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Bluefeld v. Cohen

United States District Court, D. Maryland

April 27, 2017

BARRY J. BLUEFELD Plaintiff
v.
BARRY S. COHEN, et ah, Defendants.

          MEMORANDUM OPINION

          Paula Xinis United States District Judge.

         Pending before the Court is Defendants' Motion to Dismiss. ECF No. 100. The issues are fully briefed and the Court now rules pursuant to Local Rule 105.6 because no hearing is necessary. For the reasons stated below, the motion is granted.

         I. BACKGROUND

         On September 22, 2015, Plaintiff Barry J. Bluefeld ("Bluefeld" or "Plaintiff), filed this action on his own behalf and derivatively as a shareholder of Annuity Associates, Inc. ("Annuity") against Defendants Barry S. Cohen, Joel S. Meisel, and David H. Cohen (collectively "Defendants"). Plaintiff was granted leave to file an Amended Complaint, ECF No. 30, and did so on April 13, 2016. ECF No. 31.

         According to Plaintiff, since Annuity's incorporation in 1984, Defendant Barry Cohen has served as a director and Secretary/Treasurer and Defendant Joel Meisel has served as a director and President. As of September 19, 2012, Barry Cohen and Joel Meisel owned 23.5% and 18.5% of Annuity's Class A voting shares, respectively. Defendant David Cohen is the property manager for the Benson Business Center, which a commercial real estate building and Annuity's sole asset. ECF No. 31 at 3. David Cohen acquired a small Class A interest in July 2008.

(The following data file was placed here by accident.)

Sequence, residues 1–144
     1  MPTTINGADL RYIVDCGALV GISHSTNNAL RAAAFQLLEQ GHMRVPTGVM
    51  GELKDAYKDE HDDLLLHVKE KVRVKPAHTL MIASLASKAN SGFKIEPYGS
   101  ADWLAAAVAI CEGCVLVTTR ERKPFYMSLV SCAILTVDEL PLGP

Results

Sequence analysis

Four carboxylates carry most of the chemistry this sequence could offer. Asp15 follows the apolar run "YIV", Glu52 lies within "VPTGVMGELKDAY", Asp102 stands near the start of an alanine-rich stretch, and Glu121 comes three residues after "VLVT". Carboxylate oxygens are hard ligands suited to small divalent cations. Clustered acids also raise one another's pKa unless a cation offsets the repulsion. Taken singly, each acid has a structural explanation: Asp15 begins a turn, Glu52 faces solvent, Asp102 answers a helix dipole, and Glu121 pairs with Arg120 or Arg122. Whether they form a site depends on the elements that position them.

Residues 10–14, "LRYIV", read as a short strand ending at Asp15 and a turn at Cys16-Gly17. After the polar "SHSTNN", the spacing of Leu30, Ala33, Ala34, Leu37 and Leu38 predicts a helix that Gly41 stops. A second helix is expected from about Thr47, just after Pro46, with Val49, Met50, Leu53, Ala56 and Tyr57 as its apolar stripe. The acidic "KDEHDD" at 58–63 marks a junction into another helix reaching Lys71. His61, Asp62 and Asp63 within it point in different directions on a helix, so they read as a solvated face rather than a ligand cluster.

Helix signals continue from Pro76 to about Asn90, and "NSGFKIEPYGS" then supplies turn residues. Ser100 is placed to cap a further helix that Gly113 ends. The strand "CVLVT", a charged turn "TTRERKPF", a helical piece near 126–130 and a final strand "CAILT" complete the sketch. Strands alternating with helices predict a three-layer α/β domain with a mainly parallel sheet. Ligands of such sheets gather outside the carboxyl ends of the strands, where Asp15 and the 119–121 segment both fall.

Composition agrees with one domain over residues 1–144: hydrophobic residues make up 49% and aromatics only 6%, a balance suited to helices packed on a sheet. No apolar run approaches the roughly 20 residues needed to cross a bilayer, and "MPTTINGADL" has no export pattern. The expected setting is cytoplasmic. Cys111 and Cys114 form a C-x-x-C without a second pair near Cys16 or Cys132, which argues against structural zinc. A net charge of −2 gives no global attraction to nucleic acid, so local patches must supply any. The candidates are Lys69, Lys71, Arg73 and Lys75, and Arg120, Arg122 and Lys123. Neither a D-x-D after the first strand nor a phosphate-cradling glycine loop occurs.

Cumulatively, Plaintiff's Amended Complaint asserts claims of racketeering and conspiracy in violation of the Racketeer Influenced and Corrupt Organizations Act ("RICO"), 18 U.S.C. §§ 1962-1964, and state law claims of fraudulent misrepresentation, conversion, unjust enrichment, breach of fiduciary duty, and fraud. ECF No. 31 at 10-48. First, Plaintiff contends that the Benson Business Center was intentionally left unoccupied which "artificially" reduced the value of the corporate assert and thus minority shareholders stake in the corporation. ECF No. 31 at 7. Plaintiff alleges that Defendants fraudulently hid the vacancy status of the Benson building when communicating to investors and on Annuity's profit and loss statements. ECF No. 31 at 8.